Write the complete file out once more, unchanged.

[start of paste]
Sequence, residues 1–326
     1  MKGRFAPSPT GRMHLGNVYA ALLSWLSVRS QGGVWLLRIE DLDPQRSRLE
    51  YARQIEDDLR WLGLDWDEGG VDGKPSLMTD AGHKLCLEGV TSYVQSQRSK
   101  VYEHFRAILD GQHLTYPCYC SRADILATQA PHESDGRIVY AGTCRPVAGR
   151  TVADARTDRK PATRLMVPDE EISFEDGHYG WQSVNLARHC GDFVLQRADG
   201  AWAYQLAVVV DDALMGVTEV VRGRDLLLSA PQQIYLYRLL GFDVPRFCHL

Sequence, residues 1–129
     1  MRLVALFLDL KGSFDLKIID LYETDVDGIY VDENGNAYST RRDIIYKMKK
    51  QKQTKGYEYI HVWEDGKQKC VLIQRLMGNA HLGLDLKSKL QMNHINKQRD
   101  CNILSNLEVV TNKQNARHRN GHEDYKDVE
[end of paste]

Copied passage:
Sequence, residues 1–326
     1  MKGRFAPSPT GRMHLGNVYA ALLSWLSVRS QGGVWLLRIE DLDPQRSRLE
    51  YARQIEDDLR WLGLDWDEGG VDGKPSLMTD AGHKLCLEGV TSYVQSQRSK
   101  VYEHFRAILD GQHLTYPCYC SRADILATQA PHESDGRIVY AGTCRPVAGR
   151  TVADARTDRK PATRLMVPDE EISFEDGHYG WQSVNLARHC GDFVLQRADG
   201  AWAYQLAVVV DDALMGVTEV VRGRDLLLSA PQQIYLYRLL GFDVPRFCHL

Sequence, residues 1–129
     1  MRLVALFLDL KGSFDLKIID LYETDVDGIY VDENGNAYST RRDIIYKMKK
    51  QKQTKGYEYI HVWEDGKQKC VLIQRLMGNA HLGLDLKSKL QMNHINKQRD
   101  CNILSNLEVV TNKQNARHRN GHEDYKDVE